Canadian musician Dave Carroll suffered the loss of a valuable instrument at the hands of an airline carrier. When he asked for the company to make good on their mistake, he was denied. Dave knew that consumers have power and a voice, and he decided to create a public relations nightmare.
“In the spring of 2008 … my Taylor guitar was witnessed being thrown by United Airlines baggage handlers in Chicago. I discovered later that the $3500 guitar was severely damaged. They didn’t deny the experience occurred, but for nine months, the various people I communicated with put the responsibility for dealing with the damage on everyone other than themselves and finally said they would do nothing to compensate me for my loss. So I promised … that I would write and produce three songs about my experience with United Airlines and make videos for each to be viewed online by anyone in the world.”
Another empty threat from an irate customer, right? Well, not exactly. Take a look at Dave’s YouTube video, “United Breaks Guitars.“
“United Breaks Guitars” is now also a BOOK!
It’s an entertaining and catchy song and a well-made video. A day after the first video was posted, it had received 150,000 hits. Three days later, it had 500,000 views. Two months after that, it had five million hits, not to mention widespread mainstream media (and social media) exposure! Currently it has over fifteen million hits!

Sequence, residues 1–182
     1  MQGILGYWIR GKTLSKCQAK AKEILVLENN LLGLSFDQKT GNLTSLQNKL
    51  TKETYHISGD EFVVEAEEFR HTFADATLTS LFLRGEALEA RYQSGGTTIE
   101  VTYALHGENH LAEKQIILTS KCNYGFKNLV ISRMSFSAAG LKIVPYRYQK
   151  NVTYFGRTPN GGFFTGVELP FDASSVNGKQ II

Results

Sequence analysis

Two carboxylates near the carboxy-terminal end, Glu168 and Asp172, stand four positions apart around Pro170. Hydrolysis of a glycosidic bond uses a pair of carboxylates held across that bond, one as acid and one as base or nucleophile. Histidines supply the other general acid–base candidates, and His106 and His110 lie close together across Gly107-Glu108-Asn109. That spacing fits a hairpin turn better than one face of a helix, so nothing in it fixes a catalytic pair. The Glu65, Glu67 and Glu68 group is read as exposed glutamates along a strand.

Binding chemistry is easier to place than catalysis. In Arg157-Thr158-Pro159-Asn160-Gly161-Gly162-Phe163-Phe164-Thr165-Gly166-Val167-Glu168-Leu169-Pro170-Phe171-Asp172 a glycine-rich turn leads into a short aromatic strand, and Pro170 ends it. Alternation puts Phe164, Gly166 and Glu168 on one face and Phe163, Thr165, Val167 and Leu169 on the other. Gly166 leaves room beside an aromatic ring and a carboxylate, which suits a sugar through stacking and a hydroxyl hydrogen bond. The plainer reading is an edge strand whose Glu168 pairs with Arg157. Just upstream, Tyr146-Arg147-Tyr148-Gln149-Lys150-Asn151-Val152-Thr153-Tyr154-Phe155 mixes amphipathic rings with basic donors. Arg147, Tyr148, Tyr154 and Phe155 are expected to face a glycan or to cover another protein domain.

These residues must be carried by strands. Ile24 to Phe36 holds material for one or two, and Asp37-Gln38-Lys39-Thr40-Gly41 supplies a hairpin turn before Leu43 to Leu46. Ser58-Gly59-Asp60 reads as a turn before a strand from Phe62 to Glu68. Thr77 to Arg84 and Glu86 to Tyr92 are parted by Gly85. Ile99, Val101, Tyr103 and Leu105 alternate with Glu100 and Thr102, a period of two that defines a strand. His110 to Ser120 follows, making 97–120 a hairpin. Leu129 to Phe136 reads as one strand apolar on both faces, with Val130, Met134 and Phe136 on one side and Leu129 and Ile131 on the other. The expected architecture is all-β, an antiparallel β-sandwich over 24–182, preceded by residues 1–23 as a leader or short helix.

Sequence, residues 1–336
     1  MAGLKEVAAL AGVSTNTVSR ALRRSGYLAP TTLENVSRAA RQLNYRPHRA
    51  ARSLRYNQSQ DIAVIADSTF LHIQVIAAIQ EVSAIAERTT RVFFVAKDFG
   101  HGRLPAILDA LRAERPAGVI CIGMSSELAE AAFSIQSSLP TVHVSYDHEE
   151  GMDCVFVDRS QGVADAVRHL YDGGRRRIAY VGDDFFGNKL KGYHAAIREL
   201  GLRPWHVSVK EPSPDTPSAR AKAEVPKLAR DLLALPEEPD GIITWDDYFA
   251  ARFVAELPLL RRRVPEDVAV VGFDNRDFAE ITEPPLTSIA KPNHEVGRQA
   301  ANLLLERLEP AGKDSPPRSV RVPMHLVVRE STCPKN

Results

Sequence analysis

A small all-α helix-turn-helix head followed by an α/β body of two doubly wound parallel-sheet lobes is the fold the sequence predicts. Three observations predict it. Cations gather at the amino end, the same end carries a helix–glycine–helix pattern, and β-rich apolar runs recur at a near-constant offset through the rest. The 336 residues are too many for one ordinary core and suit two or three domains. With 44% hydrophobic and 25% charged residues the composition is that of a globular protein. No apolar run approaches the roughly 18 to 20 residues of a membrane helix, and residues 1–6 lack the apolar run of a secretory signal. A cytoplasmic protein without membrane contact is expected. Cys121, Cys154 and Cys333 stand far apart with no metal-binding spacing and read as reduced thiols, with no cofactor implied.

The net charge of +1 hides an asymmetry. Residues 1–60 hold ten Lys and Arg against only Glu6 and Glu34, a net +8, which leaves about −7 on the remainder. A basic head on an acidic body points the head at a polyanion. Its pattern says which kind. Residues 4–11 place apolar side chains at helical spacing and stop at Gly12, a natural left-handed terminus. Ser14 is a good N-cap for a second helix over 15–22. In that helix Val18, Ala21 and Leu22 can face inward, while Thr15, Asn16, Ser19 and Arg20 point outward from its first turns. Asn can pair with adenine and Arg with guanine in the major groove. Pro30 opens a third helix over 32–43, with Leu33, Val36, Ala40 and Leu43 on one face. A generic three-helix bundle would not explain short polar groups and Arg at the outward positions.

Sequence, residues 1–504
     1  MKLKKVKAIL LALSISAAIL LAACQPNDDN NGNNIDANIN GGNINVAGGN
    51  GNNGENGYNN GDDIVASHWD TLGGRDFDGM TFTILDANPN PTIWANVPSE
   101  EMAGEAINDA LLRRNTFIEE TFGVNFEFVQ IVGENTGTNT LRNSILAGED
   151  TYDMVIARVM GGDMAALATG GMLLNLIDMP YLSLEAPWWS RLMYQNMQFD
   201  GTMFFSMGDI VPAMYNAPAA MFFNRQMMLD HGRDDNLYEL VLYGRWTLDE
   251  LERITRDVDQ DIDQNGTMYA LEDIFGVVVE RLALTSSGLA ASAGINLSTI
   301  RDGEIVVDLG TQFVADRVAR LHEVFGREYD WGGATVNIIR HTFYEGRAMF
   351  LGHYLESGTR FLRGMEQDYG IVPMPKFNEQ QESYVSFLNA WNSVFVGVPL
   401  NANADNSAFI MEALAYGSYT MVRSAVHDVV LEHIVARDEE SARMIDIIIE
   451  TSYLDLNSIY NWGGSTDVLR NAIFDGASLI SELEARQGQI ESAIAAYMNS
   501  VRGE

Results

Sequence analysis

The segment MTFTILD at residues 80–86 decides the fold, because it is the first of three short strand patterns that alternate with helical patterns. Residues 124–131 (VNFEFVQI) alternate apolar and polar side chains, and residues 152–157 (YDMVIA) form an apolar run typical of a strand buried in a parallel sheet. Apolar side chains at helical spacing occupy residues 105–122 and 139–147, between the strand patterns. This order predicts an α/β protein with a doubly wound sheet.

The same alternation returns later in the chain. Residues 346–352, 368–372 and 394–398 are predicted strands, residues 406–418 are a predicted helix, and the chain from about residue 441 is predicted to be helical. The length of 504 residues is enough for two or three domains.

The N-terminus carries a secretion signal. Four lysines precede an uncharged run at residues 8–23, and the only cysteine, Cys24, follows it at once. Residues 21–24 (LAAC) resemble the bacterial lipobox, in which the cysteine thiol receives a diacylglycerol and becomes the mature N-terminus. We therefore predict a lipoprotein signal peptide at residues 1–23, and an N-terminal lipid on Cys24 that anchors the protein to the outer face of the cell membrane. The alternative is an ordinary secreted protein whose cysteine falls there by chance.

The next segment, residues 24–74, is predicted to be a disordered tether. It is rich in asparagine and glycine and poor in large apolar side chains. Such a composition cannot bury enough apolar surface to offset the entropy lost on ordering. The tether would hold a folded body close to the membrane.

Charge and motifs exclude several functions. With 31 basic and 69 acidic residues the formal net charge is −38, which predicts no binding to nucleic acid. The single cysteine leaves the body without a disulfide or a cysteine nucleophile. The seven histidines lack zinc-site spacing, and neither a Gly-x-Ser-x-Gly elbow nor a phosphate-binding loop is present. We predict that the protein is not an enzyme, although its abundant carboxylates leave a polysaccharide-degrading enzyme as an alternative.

The negative point was made about United’s customer service and did considerable damage to its brand. Beyond that, it made one of the strongest cases ever forcustomer-generated communication.
Improving Communications likes the work of Ernan Roman Direct Marketing Corporation. Ernan promotes Voice of the Customer (VoC) Relationship Research for understanding how your customers and prospects want you to improve the quality and value of your products and services. In other words, listen to your customers. Talk to them, and especially, let them talk to you.
For a long time, companies have been accustomed to one-way communication. In the Social Media Age, customers can talk back. Give them positive and memorable experiences, so they will become fans–not adversaries.
Most important–when you make a mistake (and you will):
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